After this encounter, Matthew played the record frequently for the remainder of the summer. He felt like this was his way of contributing a small ray of happiness to the long lonely evenings of his unfortunate neighbor.
Across the way, Glissandra moaned loudly. Three pieces to go! Before her on the table was a picture of a field of wild flowers. It was a two thousand piece puzzle and it had taken her most of a month to assemble the pieces. She rocked violently and jammed the small pieces of cardboard into place. There now, the last one.
Something was wrong. A portion of the birch wood table top showed through in the upper right area of the completed puzzle. Glissandra moaned and began to sob. As she stared at the blank spot, her mind was sucked down into it. She fell faster and farther. The feeling made her nauseous. Everything went black as the field of blue flowers disappeared into the puzzle shaped piece of table top.
Hearing the noises from across the way, Jill remarked to Matthew on the couch where they sat cuddling, “I guess she finished another one.”
Glissandra's mind stayed on the table top as Ed placed his hand gently on her shoulders and guided her across the floor to her bedroom. She remained perfectly still as he took off her dress.
Matthew rose from the couch and put on the bag-pipe album.
“Why do you keep playing that awful record, baby?, asked Jill.
“It's kind of a treat for Ed, the Scotsman across the way. I caught him listening to it at his window one day. I think it reminds him of home.”
“That's nice of you.”
“Let's go to bed. The music will shut itself off, huh..”
Months passed by in the inevitable routine of the working class. Steven grew increasingly independent and began to play outside with more frequency. His latest craze was catching ants to put in his ant-farm. Jill had bought it for him at the market and it was his main toy when he came over to stay. The red haired girl assembled an unbroken procession of puzzles at her table by the window. Matthew and Jill discussed marriage and decided to go through with it. A new war started in the Middle East.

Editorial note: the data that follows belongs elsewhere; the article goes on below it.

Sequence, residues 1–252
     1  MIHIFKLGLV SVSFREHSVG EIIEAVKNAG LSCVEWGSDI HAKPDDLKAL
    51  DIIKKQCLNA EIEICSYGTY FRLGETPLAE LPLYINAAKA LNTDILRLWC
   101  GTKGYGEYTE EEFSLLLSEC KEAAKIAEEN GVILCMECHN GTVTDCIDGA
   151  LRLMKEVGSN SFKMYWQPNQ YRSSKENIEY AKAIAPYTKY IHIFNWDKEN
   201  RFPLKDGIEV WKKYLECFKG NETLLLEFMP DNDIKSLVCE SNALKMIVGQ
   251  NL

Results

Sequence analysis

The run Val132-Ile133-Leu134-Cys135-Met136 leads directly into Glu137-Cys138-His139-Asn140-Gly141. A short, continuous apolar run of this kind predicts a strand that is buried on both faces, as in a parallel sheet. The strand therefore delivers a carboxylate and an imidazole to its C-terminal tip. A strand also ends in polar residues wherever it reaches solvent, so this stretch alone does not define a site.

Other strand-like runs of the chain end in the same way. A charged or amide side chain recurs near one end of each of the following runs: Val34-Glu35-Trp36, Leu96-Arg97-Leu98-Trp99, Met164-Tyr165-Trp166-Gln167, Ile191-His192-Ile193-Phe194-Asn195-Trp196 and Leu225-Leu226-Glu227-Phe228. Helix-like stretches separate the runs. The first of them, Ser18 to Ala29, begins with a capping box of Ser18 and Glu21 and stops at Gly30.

One evening Ed came home from his pilgrimage to the London Drugs Store. He was late again. Once inside his apartment, he went to Glissandra and picked her shawl off the floor and smoothed it over her shoulders. He wiped her damp face with his handkerchief. Opening the shopping bag, he showed her the box containing a brand new puzzle. He slit open the cellophane wrapper and turned away. He lifted the edge of the box lid, fished out a piece and tossed it out of her window. Satisfied, he turned and placed the open box on his daughter's little table. She moaned softly and began to rock back in forth in her chair. This one would take her at least a month, Ed figured.
Steven came over for his alternate week-end visit. Once inside he ran to his father's desk where the ant-farm was kept. He smiled when he saw that everything was as he had left it two weeks before. He immediately asked to go outside and get some more ants. It was now early autumn and they were getting scarce. After gathering the necessary tools, he bounded down the creaky wooden stairs and started to hunt. He poked with a stick along the flower beds between the apartment buildings. When he finally saw an ant, he carefully followed it to the place it went underground. He began to dig with a soup spoon he carried in his jacket pocket, since taking on his ant hobby.
A smile spread across his face like the sun rising over a mountain when he unearthed the brood-chamber. Lots of babies! Steven scooped up ants, dirt and loads of little pearly cocoons into a jam jar.
He couldn't wait to show his father and Jill. Halfway back to the front door of the building, he saw it.
A puzzle piece. It was lying right underneath the red haired girl's window. The colored side looked like water from the sea or a big lake. It was a little dirty. Steven clutched it proudly and glanced up at the window far above his head before racing upstairs to show his treasures.
“Pa-pa, look! I got a bunch of new ants and I got a puzzle. Red haired girl dropped it.”
“Well, what a successful hunting trip you just had.”
“Hey Jill, hey Jill, look I got brand new ants!”“
Jill came to see, “Wow! Holy cow, Stevie. You got baby ants too.”
Matthew turned the puzzle piece over in his hand, “Hey Stevie, do you still have that Ninja Turtle Sword?”
“Can you go get it for Pa-pa?”
Steven ran to his toy box and rummaged out a long orange plastic sword. He handed it to his father.
Matthew stuck the puzzle piece to the end of the sword with a tiny bit of tape. He the fixed the sword onto a broom handle with duct tape and opened the window wide.